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The story of The Saxon Shore, the fourth novel in Jack Whyte's Camulod Chronicles, is largely that of Merlyn, who continues his struggle to preserve the refuge of Camulod and protect the infant king, Arthur. Merlyn, in Whyte's version, is a fascinating mix of pragmatism and naïveté, blending the observational skills of Sherlock Holmes with the oratorical gifts of Marc Antony. Because he thinks a bit more deeply than most around him, thinking things through and staying a step ahead, it's easy to see how he gains a bit of a reputation as a magician. He also has his failings, most particularly an over-confidence that leads him to believe he is just as right about matters he is ignorant of (such as leprosy) as he is about things he actually understands. It's also interesting to note that Merlyn's failings are in many ways the failings of his community. Preserving Roman ways has meant preserving Roman attitudes toward outsiders and barbarians, and on a trip to Eire and a later journey through the south of Britain, Merlyn learns just how out of touch Camulod has become with its new neighbours.
Thus the story leads us inexorably to a new generation that knows little or nothing of Roman culture. In this way, The Saxon Shore continues with the same strength as preceding volumes. Jack Whyte's most splendid achievement is the creation of an historical period so well grounded in fact that the legend becomes real and Arthur lives again. --Greg L. Johnson --This text refers to an alternate Mass Market Paperback edition.
The fourth book in Whyte's engrossing, highly realistic retelling of the Arthurian legend takes up where The Eagle's Brood (1997) left off. Narrated by Caius Merlyn Brittanicus from journals written at the end of the "wizard's" long life, this volume begins in an immensely exciting fashion, with Merlyn and the orphaned infant Arthur Pendragon in desperate straits, adrift on the ocean in a small galley without food or oars. They are saved by a ship commanded by Connor, son of the High King of the Scots of Eire, who takes the babe with him to Eireland until the return of Connor's brother Donuil, whom Connor believes has been taken hostage by Merlyn. The plot then settles into well-handled depictions of political intrigue, the training of cavalry with infantry and the love stories that inevitably arise, including one about Donuil and the sorcerously gifted Shelagh and another about Merlyn's half-brother, Ambrose, and the skilled surgeon Ludmilla. As Camulod prospers, Merlyn works hard at fulfilling what he considers his destinyApreparing the boy for his prophesied role as High King of all Britain. Whyte's descriptions, astonishingly vivid, of this ancient and mystical era ring true, as do his characters, who include a number of strong women. Whyte shows why Camulod was such a wonder, demonstrating time and again how persistence, knowledge and empathy can help push back the darkness of ignorance to build a shining futureAa lesson that has not lost its value for being centuries old and shrouded in the mists of myth and magic. Author tour.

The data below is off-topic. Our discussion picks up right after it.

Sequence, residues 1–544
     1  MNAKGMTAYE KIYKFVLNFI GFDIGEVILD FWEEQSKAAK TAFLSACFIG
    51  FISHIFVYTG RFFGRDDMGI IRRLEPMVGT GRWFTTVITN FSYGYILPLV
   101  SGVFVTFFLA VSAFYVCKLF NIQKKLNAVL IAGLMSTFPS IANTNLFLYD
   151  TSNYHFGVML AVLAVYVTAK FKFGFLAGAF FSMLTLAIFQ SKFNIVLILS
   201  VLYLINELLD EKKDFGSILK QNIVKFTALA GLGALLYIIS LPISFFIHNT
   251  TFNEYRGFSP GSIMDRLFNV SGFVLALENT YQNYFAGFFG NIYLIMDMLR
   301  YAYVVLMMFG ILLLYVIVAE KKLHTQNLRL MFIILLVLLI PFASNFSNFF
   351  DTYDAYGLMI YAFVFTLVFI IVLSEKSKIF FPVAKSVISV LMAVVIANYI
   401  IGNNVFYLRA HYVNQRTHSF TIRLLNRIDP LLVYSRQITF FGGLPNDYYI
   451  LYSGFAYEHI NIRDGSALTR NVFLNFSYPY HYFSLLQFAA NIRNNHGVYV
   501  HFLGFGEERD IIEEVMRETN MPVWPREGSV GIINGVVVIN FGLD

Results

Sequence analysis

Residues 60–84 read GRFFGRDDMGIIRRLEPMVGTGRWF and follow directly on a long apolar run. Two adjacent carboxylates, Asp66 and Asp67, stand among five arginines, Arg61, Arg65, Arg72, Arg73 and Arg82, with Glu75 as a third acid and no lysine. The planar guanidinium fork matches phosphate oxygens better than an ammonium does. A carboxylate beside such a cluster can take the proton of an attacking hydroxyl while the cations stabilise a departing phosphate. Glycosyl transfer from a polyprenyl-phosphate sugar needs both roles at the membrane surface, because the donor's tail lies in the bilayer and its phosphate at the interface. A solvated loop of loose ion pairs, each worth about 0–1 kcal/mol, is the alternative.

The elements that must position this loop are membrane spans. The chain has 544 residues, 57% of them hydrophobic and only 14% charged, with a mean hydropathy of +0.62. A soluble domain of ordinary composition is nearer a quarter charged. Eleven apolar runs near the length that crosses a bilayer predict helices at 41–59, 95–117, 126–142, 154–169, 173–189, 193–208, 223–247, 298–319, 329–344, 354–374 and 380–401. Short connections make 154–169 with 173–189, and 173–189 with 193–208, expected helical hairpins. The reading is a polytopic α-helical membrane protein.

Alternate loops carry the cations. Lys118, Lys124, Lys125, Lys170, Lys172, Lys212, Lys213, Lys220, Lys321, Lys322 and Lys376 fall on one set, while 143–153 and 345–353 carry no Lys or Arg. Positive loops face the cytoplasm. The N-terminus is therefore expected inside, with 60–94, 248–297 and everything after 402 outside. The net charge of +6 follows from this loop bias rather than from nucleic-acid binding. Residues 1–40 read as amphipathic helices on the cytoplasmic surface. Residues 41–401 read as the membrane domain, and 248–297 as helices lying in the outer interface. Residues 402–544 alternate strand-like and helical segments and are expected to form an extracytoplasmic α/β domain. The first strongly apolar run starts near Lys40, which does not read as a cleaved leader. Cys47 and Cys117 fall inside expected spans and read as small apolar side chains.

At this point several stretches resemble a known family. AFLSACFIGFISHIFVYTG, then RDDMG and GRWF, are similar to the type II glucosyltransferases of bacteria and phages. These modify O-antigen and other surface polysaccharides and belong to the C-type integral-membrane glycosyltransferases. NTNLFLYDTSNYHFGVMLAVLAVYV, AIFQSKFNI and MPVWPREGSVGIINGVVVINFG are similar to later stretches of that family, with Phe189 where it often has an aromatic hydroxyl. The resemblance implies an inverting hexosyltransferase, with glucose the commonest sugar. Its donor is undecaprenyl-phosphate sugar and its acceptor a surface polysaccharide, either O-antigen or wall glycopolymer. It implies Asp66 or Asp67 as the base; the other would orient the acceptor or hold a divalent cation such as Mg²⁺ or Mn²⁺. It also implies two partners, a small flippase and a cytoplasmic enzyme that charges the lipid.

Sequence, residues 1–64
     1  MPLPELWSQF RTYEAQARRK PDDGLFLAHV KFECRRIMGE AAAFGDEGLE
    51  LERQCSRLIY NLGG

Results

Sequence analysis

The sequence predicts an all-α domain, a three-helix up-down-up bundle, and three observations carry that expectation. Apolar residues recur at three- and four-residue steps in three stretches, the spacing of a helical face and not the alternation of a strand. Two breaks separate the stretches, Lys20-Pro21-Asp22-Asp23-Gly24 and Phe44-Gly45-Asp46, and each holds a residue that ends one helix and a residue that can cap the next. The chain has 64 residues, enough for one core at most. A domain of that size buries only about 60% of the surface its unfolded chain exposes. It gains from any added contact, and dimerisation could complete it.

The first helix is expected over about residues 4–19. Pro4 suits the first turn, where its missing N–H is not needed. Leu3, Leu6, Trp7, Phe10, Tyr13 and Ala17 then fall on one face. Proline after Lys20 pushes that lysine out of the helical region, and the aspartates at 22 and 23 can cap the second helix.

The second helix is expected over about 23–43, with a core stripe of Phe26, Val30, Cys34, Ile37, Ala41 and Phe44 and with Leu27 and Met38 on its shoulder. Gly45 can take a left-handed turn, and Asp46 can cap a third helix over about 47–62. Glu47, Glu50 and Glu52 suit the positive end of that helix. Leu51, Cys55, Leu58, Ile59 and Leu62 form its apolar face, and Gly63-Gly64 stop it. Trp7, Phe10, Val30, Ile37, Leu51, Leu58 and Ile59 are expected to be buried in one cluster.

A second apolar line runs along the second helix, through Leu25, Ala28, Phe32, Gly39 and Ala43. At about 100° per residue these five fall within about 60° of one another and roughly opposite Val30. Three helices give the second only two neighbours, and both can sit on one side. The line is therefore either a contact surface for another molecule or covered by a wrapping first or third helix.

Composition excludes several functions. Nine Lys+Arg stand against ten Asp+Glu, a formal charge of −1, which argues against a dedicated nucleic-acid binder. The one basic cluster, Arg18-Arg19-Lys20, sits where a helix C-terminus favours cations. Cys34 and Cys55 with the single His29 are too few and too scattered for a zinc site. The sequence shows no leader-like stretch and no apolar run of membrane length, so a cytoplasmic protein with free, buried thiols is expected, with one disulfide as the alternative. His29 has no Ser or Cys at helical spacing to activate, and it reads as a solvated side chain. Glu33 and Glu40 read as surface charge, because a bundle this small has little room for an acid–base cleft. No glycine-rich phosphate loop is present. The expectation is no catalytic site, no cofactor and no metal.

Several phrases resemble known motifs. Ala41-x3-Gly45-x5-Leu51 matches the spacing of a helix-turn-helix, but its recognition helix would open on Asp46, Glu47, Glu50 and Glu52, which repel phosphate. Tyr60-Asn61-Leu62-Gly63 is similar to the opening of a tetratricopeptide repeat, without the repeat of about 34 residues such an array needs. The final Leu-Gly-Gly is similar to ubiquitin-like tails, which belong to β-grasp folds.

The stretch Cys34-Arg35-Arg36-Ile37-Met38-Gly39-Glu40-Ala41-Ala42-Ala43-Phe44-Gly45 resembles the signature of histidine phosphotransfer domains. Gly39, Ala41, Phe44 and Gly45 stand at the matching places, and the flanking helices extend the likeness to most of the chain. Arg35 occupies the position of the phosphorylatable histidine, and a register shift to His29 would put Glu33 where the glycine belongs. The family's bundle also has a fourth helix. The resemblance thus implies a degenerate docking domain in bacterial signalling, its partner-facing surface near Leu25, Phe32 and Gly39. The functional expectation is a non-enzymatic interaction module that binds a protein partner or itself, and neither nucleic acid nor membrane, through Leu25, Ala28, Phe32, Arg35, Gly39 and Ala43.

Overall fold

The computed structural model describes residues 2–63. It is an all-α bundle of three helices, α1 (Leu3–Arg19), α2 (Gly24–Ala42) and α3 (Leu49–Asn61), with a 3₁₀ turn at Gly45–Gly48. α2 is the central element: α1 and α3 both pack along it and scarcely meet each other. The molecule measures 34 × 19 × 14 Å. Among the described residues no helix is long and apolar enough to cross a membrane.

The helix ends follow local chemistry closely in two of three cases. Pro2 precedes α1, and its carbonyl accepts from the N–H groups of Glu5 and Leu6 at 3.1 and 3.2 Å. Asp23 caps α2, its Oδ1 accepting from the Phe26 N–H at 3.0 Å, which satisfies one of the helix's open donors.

Copyright 1998 Reed Business Information, Inc. --This text refers to the Hardcover edition.
Fast delivery, excellent condition. This is the fourth in a series started with The Skystone, a new and interesting look at the survival of civilized life after the Roman... Read morePublished 13 months ago by Sara Emond
While I enjoyed book 4 in this series,I can't help but feel that this is just a bridge between the days of the colony and what is obviously about to follow in book 5. Read morePublished on May 17 2001 by Beverley Strong
This book is fun like the others but can get darned ridiculous at times (like the others), so my recommendation is read them if you want a decent yarn and can't resist Arthurian... Read morePublished on May 3 2000
I only review books that I like. It seems to me childish and petty to attack an author's work simply because you don't like it. Read morePublished on April 27 2000 by Joseph H Pierre
I have enjoyed these books although they have a recipe that is a little heavy. Anyone who is addicted to the Arthur / Merlin stories might enjoy these as well. Read morePublished on Feb. 22 2000
This book isn't that bad, but it certainly isn't that great, either. Overall unremarkable next to so many other excellent historical fiction novels or just plain adventurous... Read morePublished on Jan. 12 2000
Jack Whyte's chronicles get better as they continue. The Roman history is a fascinating read and is easy to follow for anyone not familiar with the Roman conquests and traditions. Read morePublished on Nov. 25 1999 by michaeljcallahan